When your employer goes bust
How to protect your career if your company suffers a Bear Stearns-like crisis.
(Fortune) -- It's every professional's nightmare: You're working in a great job for a well-regarded employer, then the company -- seemingly overnight -- suffers a crisis and is bought out or goes belly-up. Your career, which seemed golden just a few days ago, suddenly looks to be in jeopardy. And the pressure's all the worse if your savings were heavily invested in your employer's now-much-devalued stock.
That's the unpleasant situation facing many Bear Stearns (BSC, Fortune 500) employees, after JP Morgan Chase (JPM, Fortune 500) first announced March 16 it agreed to buy the cash-strapped brokerage firm at the fire-sale price of $2 a share. Morgan quintupled the offer Monday to $10 a share, but financial and career pressures on employees remain.
And it's happened before: Back in December 2001, more than 4,000 Enron employees lost their jobs when the company declared bankruptcy. And sadly, similar corporate blowups likely will happen again, causing untold damage to talented employees' professional lives.
How can you protect your career from an employer's missteps? And what should you do if your company does implode?
The Bear Stearns debacle should be "a wake-up call for anyone who isn't staying in touch with a wide network of contacts," says Rich Gee, an executive coach in Stamford, Conn. "You really need to make time to keep your professional connections robust and fresh, because who knows? Today it's the financial services industry where people are suddenly out in the cold. It could be your company tomorrow."
If the worst does happen, and you fear your job and your employer are at risk, "you have to immediately start calling on your network - talking to people you know, taking people out to lunch, picking their brains at Starbucks over coffee," Gee says.
On average, talking with 10 people will net you three or four solid job leads, says Gee.
"It may be true that there isn't much hiring going on at Wall Street firms or anywhere else right now. But even at the worst of times, there is churn," he says. "Openings are created by people getting promoted, or retiring, or by new projects that come up. The more people you get in touch with, the more likely you are to find out about these opportunities."
But is there a stigma attached to coming from an employer that went bust? "The trouble with coming from a failed firm, even if you had nothing to do with what went wrong, is that you may be perceived as desperate," says Fran Luisi, a senior principal at human-resources executive recruiting firm Charleston Partners (www.charlestonpartners.com). "So you need to project confidence in yourself and your skills."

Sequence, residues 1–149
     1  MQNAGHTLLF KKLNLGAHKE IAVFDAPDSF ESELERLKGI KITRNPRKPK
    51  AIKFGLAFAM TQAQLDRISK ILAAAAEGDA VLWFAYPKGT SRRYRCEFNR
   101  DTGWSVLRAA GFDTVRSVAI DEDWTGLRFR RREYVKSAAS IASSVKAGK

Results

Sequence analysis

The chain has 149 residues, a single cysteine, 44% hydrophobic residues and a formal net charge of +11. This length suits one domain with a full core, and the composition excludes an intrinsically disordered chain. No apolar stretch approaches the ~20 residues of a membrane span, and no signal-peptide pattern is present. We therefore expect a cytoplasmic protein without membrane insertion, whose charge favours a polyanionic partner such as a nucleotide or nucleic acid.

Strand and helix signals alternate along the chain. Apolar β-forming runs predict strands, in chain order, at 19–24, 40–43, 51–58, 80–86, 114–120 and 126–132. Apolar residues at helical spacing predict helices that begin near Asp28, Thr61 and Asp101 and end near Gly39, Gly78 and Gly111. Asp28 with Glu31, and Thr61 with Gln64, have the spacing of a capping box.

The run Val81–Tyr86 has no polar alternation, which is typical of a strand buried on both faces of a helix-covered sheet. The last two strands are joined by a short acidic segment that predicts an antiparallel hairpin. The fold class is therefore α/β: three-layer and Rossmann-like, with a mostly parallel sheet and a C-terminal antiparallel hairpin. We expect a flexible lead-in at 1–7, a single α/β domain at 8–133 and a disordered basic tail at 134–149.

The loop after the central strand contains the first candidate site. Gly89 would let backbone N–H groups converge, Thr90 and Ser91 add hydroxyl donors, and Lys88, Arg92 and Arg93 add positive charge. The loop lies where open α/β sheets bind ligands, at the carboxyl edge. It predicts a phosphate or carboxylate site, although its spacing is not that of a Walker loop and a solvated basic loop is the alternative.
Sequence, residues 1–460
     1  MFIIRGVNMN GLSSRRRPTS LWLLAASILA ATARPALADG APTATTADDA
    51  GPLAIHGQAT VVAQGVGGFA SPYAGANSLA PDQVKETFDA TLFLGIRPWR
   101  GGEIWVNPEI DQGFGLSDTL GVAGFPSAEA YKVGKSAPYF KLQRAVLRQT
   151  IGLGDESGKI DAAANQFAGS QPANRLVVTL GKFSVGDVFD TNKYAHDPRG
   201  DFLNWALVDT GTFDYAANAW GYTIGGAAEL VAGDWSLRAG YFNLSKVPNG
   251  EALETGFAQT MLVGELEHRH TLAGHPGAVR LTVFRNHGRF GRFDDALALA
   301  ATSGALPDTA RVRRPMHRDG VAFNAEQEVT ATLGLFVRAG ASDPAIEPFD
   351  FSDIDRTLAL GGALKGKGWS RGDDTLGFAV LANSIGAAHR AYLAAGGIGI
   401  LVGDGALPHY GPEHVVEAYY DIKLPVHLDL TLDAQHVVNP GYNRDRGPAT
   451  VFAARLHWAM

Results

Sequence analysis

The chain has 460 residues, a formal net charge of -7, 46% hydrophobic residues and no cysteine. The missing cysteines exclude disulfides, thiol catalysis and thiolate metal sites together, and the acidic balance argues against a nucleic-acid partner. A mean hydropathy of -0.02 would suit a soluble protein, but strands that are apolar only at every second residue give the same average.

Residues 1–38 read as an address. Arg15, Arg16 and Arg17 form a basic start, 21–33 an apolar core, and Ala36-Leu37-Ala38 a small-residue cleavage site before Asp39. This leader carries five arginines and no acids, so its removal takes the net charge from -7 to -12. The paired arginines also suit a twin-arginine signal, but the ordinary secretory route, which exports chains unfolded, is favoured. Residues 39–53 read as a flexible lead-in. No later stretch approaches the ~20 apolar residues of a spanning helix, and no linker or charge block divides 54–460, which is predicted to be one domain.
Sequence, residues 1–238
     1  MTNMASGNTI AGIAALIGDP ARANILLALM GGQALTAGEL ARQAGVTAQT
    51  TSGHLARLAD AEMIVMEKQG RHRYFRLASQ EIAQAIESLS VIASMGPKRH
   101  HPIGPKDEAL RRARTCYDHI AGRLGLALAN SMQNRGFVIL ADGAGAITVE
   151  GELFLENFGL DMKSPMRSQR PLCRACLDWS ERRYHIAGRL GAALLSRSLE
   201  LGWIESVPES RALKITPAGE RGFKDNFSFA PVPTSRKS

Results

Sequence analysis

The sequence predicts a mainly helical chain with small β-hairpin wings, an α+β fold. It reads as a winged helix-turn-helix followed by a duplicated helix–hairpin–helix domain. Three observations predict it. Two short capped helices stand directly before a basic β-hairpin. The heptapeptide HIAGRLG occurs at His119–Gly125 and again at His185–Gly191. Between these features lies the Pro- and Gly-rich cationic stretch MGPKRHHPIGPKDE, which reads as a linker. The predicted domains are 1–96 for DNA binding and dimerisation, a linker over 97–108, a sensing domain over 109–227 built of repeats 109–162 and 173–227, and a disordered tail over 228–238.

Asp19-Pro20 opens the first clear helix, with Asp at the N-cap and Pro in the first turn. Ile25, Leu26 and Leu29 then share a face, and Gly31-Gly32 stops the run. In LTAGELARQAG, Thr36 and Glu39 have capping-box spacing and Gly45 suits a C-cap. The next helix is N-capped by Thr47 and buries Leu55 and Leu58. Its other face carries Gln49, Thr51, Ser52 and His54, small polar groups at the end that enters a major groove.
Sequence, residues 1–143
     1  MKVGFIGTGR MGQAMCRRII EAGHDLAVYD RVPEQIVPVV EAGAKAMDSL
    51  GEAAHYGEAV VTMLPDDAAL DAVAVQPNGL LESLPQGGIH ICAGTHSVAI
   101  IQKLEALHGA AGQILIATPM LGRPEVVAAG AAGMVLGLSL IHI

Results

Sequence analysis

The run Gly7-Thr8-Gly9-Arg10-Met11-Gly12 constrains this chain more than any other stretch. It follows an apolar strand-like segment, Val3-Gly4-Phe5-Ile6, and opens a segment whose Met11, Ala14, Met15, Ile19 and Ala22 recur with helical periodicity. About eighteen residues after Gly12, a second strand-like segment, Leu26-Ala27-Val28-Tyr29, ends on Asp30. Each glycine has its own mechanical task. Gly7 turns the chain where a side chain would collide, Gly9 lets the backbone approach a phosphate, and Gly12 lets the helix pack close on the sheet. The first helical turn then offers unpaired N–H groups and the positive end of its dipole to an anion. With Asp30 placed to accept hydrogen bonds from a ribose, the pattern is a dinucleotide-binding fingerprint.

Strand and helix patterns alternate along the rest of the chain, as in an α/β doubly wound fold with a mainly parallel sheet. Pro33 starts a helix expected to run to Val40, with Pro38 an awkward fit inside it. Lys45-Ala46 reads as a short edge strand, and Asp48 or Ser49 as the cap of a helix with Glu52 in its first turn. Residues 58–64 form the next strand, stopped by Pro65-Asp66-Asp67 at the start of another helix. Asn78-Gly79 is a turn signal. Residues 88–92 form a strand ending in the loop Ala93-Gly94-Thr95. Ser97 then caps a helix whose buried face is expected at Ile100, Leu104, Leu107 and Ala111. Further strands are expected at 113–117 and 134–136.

When you go into networking meeting and interviews, keep in mind that, "people realize that a few bad apples don't spoil the whole barrel," Gee says. "They want to help you if they can."
To be on the safe side, though, treat any stint at a company that cratered "just as you would any other potential objection or reservation that a job interviewer might have," Gee advises. "Bring it up and address it. Make it clear that you were not involved in the part of the business that brought the house down."
Bear in mind that what really interests job interviewers, and others in a position to hire or recommend you, is the future, not the past. Your goal is to persuade them that their organization's future will be better with you than without you.
So be sure to tell stories that highlight your accomplishments throughout your entire career. "An employer wants to see passion, and wants to know how you handled different situations and solved problems," says Gee. "You're not there to talk about Bear Stearns or... wherever you may be coming from. You're there to sell yourself and your abilities."
If you're a nervous Bear Stearns employee, keep in mind that no one knows yet how many staffers will be kept on.
"Chase will certainly keep people they perceive as adding real value, including top salespeople, who bring valuable client relationships with them," says Jeff Greene, a vice president at headhunting firm Battalia Winston (www.battaliawinston.com) who specializes in Wall Street recruiting. "Anyone in wealth management should have no trouble either - again, that's relationship-based, it's the folks with the golden Rolodexes."
Greene notes that Bear Stearns until recently made most of its money processing securities trades: "Those back-office people's jobs could be safe if JP Morgan Chase decides it wants to get into that business - and who's to say they won't?"
Greene adds that Bear Stearns' stars, including a few managing directors and some traders well-known on the Street, should land on their feet: "They may start their own private equity funds, or go run an existing fund. There is still an astonishing amount of private equity money around, and some of it is in real need of adult supervision."
Luisi at Charleston Partners agrees. "Talent will always be in demand regardless of the economy or the individual circumstances," he says.
Folks, a quick question: For a future story, we would like to find business owners who routinely sleep no more than 4 to 6 hours per night. If you're a night-owl entrepreneur, write to me at firstname.lastname@example.org and tell me how you adapted to your current schedule. Many thanks!
Readers, how safe is your job? Are you worried your company could suffer a Bear Stearns-like implosion, and if so, what are you doing to get ready? If you worked for a company that failed, how did you deal with it? Post your thoughts on the Ask Annie blog. You can also send us your photos and videos, or email us and share your story.